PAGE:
As a second-year engineering student, I had the fortunate opportunity of working for 7 weeks this summer at BE Design, a Civil and Structural Engineering consultancy that operates in a broad range of industry and residential sectors. Personally, I helped design the sub-structure of a 200m x 70m distribution centre, and you'd be amazed by the quantity of work that goes into just that.
For those that don't know, the sub-structure refers to the structural components of a building that transfer loads from everything above ground into the soil below. From a design perspective, the challenge is that the sub-structure elements can only be designed once all the loads from the actual structure are known, yet they are at the same time the first elements that will be constructed. Hence an adequate amount of technical judgement is required, because a wrong decision for loads acting on the sub-structure can quickly limit what can be safely constructed above. It is also a lot more expensive to resolve these issues later in the project. Affordable judgement was the name of the game.
In addition, the project also had several non-engineering challenges.
In terms of project management, the project type was Design and Build, which means that the contractor on site starts building the structure before the entire design has been completed. This puts, as you can imagine, design engineers into quite a stressful situation. Coordinating with multiple teams across the UK and communicating information succinctly within and outside of the team was crucial. But so is speed of design output, and the engineering proverb of "accuracy over precision" applied here.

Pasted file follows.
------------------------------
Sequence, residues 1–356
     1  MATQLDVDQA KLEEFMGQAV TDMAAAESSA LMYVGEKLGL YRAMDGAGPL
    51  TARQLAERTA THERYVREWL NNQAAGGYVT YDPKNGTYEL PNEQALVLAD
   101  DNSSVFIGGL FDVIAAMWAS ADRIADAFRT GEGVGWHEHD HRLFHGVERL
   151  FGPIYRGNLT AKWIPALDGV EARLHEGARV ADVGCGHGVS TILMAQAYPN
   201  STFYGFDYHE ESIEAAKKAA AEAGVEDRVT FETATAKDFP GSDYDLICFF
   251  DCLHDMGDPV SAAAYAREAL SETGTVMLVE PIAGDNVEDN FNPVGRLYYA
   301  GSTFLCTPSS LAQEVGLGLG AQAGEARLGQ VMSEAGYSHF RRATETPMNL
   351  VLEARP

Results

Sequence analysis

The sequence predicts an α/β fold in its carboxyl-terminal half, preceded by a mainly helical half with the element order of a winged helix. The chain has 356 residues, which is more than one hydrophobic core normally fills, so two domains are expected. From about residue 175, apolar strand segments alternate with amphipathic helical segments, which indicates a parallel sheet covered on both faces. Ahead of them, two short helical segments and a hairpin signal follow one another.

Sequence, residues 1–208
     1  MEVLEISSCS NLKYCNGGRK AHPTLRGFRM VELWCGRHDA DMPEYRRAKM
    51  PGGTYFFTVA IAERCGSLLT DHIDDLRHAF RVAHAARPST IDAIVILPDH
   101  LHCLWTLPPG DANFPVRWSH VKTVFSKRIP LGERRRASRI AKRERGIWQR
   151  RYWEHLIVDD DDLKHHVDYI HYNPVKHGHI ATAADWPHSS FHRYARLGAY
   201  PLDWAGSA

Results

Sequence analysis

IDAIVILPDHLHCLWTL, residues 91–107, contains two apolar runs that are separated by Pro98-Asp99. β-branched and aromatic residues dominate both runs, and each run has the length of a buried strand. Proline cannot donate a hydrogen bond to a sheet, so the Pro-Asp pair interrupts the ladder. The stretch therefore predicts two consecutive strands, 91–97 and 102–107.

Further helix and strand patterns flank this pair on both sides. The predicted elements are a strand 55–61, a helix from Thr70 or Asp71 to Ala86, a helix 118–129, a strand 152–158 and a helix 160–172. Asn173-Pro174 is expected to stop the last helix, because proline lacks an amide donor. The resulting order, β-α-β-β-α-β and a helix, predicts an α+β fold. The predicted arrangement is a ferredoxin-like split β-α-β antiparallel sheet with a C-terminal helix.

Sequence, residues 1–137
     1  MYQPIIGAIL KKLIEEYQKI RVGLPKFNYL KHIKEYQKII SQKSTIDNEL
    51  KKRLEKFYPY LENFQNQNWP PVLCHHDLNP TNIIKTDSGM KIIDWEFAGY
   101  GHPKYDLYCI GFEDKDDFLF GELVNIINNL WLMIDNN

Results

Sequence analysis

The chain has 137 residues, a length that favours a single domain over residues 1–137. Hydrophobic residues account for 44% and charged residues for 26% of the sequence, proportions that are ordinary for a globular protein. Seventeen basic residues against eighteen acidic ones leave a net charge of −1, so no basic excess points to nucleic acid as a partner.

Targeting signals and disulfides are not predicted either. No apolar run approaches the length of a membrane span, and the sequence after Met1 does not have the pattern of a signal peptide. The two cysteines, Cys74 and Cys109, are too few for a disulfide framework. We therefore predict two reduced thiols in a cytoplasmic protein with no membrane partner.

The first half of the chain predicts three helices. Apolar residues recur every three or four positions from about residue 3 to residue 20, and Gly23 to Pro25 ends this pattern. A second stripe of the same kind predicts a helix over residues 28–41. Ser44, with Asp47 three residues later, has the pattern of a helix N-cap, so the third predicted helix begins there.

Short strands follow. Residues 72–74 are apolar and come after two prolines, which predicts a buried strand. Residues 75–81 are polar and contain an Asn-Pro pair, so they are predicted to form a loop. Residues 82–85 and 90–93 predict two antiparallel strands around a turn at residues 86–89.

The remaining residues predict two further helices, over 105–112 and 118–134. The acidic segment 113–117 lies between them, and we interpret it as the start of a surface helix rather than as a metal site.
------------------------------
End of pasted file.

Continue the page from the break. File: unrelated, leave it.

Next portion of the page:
For example, it became clear very quickly that there is an enormous potential for automation in the Civil and Structural industry. While the technology has not arrived to 3D print the actual construction of a structure, it is theoretically possible to automate the design. To be competitive in the consulting business, one needs to be able to complete the same task quicker or cheaper than a competitor. So far, due to the sheer complexity of projects and the lack of programming skills in the industry, this field has remained largely untouched. However, I see here an enormous opportunity for young engineers as myself.
Yet no one has ever changed the world by sticking to what it offers. Change only comes about when people decide to lead first, and it begins with the observation that things can be done differently. After all, isn’t the whole point of leadership about setting a vision first, and then putting your heart and mind to seeing it fulfilled?